Coronavirus: New COVID-19 drug developed by Saudi Arabian company, US partners

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A Saudi Arabian company is developing a coronavirus preventative drug set to be out next year, in collaboration with American scientists at the University of Pittsburgh in Pennsylvania.

The drug, an antibody injection that binds to the novel coronavirus to neutralize it, can work as short-term prevention, and treatment, for COVID-19.

One dose of the highly specific antibody will prevent someone from getting the novel coronavirus for at least few months, according to Donald Gerson, co-founder of the Saudi Arabian company involved, SaudiVax.

“If the antibody is in your system and the virus comes to you, it will kill it. The drug can stay in the system for few months, working as both prevention and therapy for COVID-19,” said Gerson, who has worked in the vaccine development industry for over 30 years, in an interview with Al Arabiya English.

US researchers in the lab in the University of Pittsburgh, Pennsylvania. (Supplied)

US researchers in the lab in the University of Pittsburgh, Pennsylvania. (Supplied)

 

The drug will be the first new COVID-19 treatment available simultaneously in both the US and Middle East.

SaudiVax, the first vaccine biotechnology company in Saudi Arabia, paired up with University of Pittsburgh’s Center for Antibody Therapeutics in February to discover the antibody and has licensed the drug for the Middle East region, according to Gerson.

“We are prepared to begin manufacturing and have a clinical trial lined up. It’s going to happen as fast as humanely possible,” Gerson said.

SaudiVax’s 20-person team is playing an instrumental role in the drug’s industrial development.

The SaudiVax team training on cell culture at King Abdullah University of Science and Technology. (Supplied)

The SaudiVax team training on cell culture at King Abdullah University of Science and Technology. (Supplied)

 

The healthcare collaboration came naturally due the network already existing between scientists in the two G20 countries, according to Mazen Hassanain, managing director of SaudiVax and a professor at Saudi Arabia’s King Saud University, College of Medicine.

“It’s easy for us to work with American scientists because most of our scientists have been trained in the US, so that helps with the scientific collaboration,” said Hassanain, adding that more than half of the SaudiVax team are graduates of universities in North America.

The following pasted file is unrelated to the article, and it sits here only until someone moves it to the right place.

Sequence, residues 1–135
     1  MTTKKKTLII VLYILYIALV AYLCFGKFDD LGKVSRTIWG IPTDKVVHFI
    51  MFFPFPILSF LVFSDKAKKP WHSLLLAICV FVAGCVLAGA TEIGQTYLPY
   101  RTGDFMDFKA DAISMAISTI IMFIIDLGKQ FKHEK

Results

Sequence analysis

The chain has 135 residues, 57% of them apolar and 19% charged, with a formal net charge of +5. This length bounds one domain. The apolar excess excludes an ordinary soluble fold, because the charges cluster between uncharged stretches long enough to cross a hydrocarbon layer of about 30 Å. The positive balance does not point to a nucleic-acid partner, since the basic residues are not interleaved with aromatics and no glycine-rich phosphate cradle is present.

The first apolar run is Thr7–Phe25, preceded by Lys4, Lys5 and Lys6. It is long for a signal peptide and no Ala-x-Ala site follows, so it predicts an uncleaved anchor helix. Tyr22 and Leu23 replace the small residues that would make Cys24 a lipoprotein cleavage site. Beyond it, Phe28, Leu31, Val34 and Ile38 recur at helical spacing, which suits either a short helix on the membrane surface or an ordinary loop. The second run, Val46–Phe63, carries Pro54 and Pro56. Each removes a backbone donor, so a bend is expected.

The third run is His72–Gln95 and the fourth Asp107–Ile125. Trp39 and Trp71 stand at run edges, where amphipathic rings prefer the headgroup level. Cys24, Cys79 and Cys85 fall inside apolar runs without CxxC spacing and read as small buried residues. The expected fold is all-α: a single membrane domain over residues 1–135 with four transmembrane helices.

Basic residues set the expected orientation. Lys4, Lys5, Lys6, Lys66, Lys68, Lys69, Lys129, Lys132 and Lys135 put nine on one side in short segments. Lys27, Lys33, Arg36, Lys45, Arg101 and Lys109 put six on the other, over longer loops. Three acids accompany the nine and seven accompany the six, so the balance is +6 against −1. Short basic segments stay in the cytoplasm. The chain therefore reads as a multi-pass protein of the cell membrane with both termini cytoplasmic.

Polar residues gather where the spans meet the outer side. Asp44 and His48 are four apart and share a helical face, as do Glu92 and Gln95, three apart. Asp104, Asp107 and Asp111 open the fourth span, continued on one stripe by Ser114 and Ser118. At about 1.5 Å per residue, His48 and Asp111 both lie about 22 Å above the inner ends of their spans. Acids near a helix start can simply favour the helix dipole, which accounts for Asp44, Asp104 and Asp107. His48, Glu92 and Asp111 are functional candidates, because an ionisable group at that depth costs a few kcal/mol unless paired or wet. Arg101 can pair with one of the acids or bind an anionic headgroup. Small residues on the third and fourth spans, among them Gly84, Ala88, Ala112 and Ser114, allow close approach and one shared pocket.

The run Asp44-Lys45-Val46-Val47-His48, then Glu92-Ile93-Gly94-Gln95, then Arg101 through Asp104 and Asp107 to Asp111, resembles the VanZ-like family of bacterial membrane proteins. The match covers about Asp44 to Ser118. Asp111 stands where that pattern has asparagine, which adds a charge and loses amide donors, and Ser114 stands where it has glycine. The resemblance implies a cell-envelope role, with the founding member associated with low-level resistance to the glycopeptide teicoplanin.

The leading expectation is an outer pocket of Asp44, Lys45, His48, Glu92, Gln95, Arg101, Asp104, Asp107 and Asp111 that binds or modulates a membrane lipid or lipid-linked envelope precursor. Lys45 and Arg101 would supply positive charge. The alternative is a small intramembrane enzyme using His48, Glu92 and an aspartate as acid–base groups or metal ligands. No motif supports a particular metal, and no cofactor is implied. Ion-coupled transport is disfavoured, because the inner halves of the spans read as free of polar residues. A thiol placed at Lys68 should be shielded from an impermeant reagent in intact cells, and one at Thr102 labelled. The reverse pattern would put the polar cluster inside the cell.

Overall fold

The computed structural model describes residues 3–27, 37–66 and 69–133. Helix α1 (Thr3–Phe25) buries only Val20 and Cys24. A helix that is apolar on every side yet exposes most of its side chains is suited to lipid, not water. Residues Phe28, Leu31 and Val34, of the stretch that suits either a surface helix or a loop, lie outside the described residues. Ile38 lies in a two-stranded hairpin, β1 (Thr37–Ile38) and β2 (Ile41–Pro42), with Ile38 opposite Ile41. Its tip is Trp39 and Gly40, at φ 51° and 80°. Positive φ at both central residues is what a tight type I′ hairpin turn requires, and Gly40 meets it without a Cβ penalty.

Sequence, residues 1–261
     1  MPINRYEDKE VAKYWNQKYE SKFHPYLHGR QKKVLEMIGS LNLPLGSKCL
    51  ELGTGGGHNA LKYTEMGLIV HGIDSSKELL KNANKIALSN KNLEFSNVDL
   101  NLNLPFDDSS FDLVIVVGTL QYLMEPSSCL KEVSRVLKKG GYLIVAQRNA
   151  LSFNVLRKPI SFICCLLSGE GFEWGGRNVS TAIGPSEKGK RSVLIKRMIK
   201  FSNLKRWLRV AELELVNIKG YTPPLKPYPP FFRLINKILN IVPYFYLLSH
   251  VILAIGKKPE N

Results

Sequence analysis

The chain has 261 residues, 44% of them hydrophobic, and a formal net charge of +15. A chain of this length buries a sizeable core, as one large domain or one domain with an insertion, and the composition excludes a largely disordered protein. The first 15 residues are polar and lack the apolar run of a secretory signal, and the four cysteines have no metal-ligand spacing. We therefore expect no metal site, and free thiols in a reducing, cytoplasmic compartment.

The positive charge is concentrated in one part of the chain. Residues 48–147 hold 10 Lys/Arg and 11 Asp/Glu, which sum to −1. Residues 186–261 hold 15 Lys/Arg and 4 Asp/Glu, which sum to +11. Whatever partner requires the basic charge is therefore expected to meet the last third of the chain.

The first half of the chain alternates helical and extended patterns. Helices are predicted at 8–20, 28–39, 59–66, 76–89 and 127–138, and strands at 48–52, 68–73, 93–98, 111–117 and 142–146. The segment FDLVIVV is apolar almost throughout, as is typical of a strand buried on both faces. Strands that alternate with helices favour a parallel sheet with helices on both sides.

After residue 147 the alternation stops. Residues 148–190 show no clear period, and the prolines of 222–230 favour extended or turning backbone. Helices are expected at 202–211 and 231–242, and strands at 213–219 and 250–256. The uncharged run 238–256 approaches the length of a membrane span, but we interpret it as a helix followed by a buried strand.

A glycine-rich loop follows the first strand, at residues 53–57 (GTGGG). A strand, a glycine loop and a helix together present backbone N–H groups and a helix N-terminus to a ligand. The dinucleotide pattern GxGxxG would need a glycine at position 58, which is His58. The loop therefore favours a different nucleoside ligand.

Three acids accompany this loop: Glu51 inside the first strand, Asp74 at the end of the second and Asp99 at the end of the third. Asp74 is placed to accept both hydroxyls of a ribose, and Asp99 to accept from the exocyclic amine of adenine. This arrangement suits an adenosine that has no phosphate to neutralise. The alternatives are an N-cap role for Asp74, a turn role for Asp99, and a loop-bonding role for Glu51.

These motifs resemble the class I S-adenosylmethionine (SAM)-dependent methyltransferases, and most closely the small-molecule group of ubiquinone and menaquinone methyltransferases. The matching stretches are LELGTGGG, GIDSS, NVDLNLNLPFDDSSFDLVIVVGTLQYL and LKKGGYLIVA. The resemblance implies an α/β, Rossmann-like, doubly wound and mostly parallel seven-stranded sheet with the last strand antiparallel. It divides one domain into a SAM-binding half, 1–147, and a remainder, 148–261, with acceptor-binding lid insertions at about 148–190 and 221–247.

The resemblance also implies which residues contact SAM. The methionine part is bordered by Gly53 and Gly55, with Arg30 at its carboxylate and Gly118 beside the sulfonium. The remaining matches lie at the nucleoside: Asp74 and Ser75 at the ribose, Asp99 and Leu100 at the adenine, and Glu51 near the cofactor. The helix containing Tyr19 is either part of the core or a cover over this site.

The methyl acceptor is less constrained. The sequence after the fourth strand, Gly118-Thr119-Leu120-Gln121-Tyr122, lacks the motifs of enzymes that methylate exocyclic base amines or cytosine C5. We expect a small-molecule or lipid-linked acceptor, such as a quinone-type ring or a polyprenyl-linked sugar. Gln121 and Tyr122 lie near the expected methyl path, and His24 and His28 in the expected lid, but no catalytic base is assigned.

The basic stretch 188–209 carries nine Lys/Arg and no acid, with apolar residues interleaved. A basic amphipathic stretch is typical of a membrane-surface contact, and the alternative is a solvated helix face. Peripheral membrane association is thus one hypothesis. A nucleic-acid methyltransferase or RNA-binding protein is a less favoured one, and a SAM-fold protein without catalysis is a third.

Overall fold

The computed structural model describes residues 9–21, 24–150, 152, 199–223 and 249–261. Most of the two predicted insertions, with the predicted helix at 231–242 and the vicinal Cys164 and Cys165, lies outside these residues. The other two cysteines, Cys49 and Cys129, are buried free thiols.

Saudi Arabia is one of the countries with the most students in the United States, ranking fourth after China, India, and South Korea.

The drug is scheduled to be available in the US and Saudi Arabia at the same time by the end of next year, according to Dr. Hassanain, who said the relationship between the two countries is more collaborative than competitive.

“The drug will be available to the US and MENA region on the same day, for the very first time ever. There is usually a lag between drug registration in the US and the MENA region,” said Dr. Hassanain in an interview with Al Arabiya English.

Saudi Arabia’s emerging vaccine industry

SaudiVax is also in collaboration with another university in Saudi Arabia to develop a vaccine for COVID-19, a breakthrough initiative for the Middle East, where countries have previously not developed their own vaccine industries and remain dependent on outside entities for vaccines, according to former US Science Envoy Dr. Peter Hotez.

“Almost no vaccines are produced in the Middle East from start to finish. That’s a huge vulnerability because there’s so many diseases,” said Dr. Hotez, dean of the National School of Tropical Medicine at Baylor College of Medicine, in an interview with Al Arabiya English.

The vaccine industry in the Middle East lacks development and manufacturing components – the two steps of the vaccine process that follow the initial discovery phase.

But since its inception in 2016, SaudiVax has been trying to strengthen the region’s vaccine development and manufacturing industry.

The groundbreaking of the Saudi Vaccine and Biopharmaceutical Center at Dec 15th 2018 King Abdullah University of Science and Technology in Thuwal, Saudi Arabia on December 15, 2018. (Courtesy: Dr. Mazen Hassanain)

The groundbreaking of the Saudi Vaccine and Biopharmaceutical Center at Dec 15th 2018 King Abdullah University of Science and Technology in Thuwal, Saudi Arabia on December 15, 2018. (Courtesy: Dr. Mazen Hassanain)

 

Dr. Hassanain said SaudiVax is “working very hard to fill the gap,” by building a facility for vaccine development and manufacturing that will likely be fully operational in two years.

Supported by multiple government sectors, the facility is owned by King Abdulaziz City for Science and Technology and is intends to train Saudi scientists to work in the vaccine development and manufacturing sector in the Kingdom.

 

Hassanain said SaudiVax’s mission aligns with the goals of the Saudi Vision 2030 reform plan, which aims to diversify Saudi Arabia’s economy and develop programs to benefit its citizens.

The shared goals between SaudiVax and Saudi Vision 2030 include localizing a new industry, increasing women’s labor force participation, and improving healthcare, according to Hassanain.

“Our team is 60 percent female – very different from all regional pharmaceutical corporations,” said Hassanain.

“And we are aiming to bring about national health security – something the COVID outbreak has made a priority,” he added.

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